Hydroelectric Development on the Columbia River
Hydroelectric development of the Columbia River in the United States began with the construction of Rock Island Dam, completed in 1932. A year later, the United States government, through the United States Army Corps of Engineers began construction of Bonneville Dam, followed by Grand Coulee Dam in 1934. Bonneville Dam and Lock primarily provided power generation and enhanced navigation. Grand Coulee Dam was initially designed for irrigation and power, and later provided additional flood control. While these dam projects provided economic benefits and increased employment during the Great Depression, the dams also blocked salmon and other fish passage up the Columbia River.
When the Grand Coulee hydroelectric plant came into service in 1942, there was little demand for the power. The huge potential for additional power development on the Columbia River, however, soon attracted World War II industries. In addition, the economy and population of the Pacific Northwest grew rapidly during the postwar period. This brought about construction of a number of American dams, both Federal and non-Federal, on the Columbia River main stem and on its many tributaries. These projects, however, provided little reservoir storage to minimize flood risk. As a result, a coordinated plan was developed by Canada and the United States to address flooding concerns, and growing demands for energy within the Columbia River basin on both sides of the border.
International Joint Commission Studies, 1944-1959
In 1944, Canada and the United States asked the International Joint Commission (Commission), an organization formed by both countries under the 1909 Boundary Waters Treaty, to investigate and report on the feasibility of cooperative development of the Columbia River system. The Commission established the International Columbia River Engineering Board whose mandate was to support the investigation and conduct technical studies.
Detailed studies began after a 1948 flood devastated communities along the Columbia River, killing several dozen people, and making thousands homeless.
In addition to the technical studies, the Commission recommended principles for determining and sharing benefits from the cooperative development of the Columbia River system. In developing the principles, the Commission recognized that the construction and operation of Canadian reservoir storage would help regulate water flows on both sides of the border. This would also allow a greater amount of useable energy and a higher level of dependable capacity to be generated at American power plants than was possible without Canadian reservoir storage. This would ultimately enable the United States to serve greater power demands. At the same time, the regulation of reservoir levels would greatly reduce peak river flows during the spring run-off (snow melt) months and provide significant flood protection to Columbia River basin residents in Canada and the United States.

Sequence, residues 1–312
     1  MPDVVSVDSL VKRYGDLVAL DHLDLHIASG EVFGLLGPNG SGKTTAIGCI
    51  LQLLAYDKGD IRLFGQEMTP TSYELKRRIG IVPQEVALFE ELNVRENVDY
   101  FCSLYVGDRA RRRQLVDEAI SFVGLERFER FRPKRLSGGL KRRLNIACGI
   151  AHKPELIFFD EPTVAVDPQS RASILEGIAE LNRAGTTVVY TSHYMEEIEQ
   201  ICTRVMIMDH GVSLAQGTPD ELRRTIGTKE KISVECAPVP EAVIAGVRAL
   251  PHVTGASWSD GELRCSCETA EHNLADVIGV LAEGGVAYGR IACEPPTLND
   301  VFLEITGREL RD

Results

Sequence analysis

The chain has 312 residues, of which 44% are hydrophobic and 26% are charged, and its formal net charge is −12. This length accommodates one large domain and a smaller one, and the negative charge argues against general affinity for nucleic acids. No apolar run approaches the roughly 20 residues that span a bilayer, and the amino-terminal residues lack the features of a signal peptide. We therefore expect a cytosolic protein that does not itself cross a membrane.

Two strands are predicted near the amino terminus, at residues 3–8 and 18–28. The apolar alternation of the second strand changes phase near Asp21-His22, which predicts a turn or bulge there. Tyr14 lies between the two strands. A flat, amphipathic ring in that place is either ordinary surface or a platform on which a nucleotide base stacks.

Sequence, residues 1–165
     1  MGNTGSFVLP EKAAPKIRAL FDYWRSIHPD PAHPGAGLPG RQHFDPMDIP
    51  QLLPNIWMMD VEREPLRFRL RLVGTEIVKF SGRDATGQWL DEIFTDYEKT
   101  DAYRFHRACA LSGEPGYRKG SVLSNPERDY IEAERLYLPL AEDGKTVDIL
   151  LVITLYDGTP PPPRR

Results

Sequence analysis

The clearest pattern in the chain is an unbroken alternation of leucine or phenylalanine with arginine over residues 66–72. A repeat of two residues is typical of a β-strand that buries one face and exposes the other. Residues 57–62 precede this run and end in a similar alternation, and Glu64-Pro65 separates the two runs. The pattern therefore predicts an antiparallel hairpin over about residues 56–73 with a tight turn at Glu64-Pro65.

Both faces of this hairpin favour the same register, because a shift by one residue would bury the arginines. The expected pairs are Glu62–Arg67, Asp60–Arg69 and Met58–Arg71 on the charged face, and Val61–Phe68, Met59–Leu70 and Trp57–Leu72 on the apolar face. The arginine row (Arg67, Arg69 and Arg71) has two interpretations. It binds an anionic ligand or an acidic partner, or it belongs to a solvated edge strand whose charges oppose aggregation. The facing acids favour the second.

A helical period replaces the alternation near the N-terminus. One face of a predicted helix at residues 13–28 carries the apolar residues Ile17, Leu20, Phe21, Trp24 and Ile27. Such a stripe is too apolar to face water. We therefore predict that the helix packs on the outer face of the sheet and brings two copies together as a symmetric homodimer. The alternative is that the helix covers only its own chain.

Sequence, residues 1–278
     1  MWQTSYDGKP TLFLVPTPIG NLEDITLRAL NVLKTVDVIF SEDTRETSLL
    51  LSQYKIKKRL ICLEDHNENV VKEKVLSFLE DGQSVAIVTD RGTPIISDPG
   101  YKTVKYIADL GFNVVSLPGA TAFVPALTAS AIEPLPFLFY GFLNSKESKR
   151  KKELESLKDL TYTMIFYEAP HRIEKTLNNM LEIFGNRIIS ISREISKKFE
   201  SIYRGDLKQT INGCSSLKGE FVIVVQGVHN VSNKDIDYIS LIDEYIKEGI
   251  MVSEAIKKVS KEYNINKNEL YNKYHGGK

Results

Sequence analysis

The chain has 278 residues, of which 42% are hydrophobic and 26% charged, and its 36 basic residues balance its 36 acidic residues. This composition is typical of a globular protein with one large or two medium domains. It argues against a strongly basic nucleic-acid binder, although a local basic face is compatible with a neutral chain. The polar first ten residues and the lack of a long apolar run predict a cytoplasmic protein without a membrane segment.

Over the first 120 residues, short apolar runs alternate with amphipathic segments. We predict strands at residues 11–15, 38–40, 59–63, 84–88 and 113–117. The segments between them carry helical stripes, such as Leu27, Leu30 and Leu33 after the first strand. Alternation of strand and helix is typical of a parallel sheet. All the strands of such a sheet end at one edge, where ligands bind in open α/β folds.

At the same time, the United States Army Corps of Engineers updated its master resource plan which had been the basis for United States’ Federal projects on the Columbia River. Studies in both countries recommended the development of upriver storage on the Columbia River and its tributaries for the economic and flood benefit of both Canada and the United States.
On February 11, 1960, negotiations began between Canadian and United States representatives regarding the site selection, dam construction and joint use of specific projects. Talks proceeded rapidly. On January 17, 1961, Canadian Prime Minister John Diefenbaker and United States President Dwight Eisenhower signed the Columbia River Treaty.
The Treaty required Canada to provide 15.5 million acre-feet of water storage by building three dams: Duncan, Arrow (later renamed Hugh Keenleyside) and Mica. The Columbia River Treaty also allowed the United States the option to build Libby Dam in Montana. In exchange for providing and operating the Columbia River Treaty water storage projects, Canada received an upfront payment of $64 million for 60 years (to 2024) of future flood control benefits (Assured Annual Flood Control) in the United States.